steps of the dance

Lynn Cross, the director of Little Brook Farm, where Izarra lived before coming to me said that the Mustangs are “wild made” instead of “man-made.” That in the wild, they either had to pay attention or die.  Izarra was culled from a herd of Mustangs in Nevada and has never really had a human of her own.  Someone adopted her, but then was willing to let her go to a slaughter auction, which, thankfully, was when LBF intervened.

When I tell this story, shockingly, many (most) people are unaware that in this country, we do indeed kill horses.  We just send them to Canada or Mexico and let them do the dirty work.  Food for the Asian and European palate.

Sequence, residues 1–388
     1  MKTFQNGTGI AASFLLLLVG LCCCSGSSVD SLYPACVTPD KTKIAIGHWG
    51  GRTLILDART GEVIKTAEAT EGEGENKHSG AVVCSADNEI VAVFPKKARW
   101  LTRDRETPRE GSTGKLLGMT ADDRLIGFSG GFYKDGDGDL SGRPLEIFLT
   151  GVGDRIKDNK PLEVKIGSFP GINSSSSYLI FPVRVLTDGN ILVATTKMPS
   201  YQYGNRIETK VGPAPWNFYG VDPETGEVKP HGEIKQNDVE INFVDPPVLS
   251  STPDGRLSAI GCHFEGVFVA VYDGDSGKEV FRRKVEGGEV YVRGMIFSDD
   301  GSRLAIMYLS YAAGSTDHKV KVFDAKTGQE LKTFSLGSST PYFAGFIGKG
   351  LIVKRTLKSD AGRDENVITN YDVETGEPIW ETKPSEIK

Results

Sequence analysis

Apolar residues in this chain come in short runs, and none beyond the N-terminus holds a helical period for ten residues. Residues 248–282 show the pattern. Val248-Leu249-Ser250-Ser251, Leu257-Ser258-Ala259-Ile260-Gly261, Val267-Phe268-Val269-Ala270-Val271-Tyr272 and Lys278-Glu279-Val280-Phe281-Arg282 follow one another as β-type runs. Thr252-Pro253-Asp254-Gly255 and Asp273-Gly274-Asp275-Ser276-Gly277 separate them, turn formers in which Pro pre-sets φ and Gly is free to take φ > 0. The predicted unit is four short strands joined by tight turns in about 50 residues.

Summer Brennan (daughter of Lynn Cross) drove to South Carolina to rescue Izarra and bring her to the sanctuary where she lived for about six years.  When I first saw her, what caught me was not only her loveliness but her incredible responsiveness to movement when we first played together at LBF.  Now we are improvising, listening, being as curious about stillness as movement, letting whatever this dance is reveal itself. I am not in a hurry.  I do not have an agenda or a timeline.

I am incredibly grateful to Little Brook Farm for entrusting me with Izarra.  I have known them since 2012, when I choreographed All the Pretty Horses, with their rescued horses and community of children and adults.  One of the horses in the dance was Amado, a Mustang that they had recently rescued, and that Summer was gentling and training.

At that time, I got to experience first hand their big-heartedness and generosity. Please consider supporting this wonderful organization.  You can donate to LBF HERE.

Stay tuned for more Izarra stories!

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